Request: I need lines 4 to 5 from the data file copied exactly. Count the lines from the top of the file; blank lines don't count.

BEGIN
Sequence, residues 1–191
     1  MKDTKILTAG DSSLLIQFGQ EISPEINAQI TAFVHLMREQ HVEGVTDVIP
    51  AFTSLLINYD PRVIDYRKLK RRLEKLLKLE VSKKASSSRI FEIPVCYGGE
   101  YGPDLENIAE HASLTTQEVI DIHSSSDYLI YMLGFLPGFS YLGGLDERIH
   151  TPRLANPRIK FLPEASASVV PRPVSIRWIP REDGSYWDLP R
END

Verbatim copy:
   101  YGPDLENIAE HASLTTQEVI DIHSSSDYLI YMLGFLPGFS YLGGLDERIH
   151  TPRLANPRIK FLPEASASVV PRPVSIRWIP REDGSYWDLP R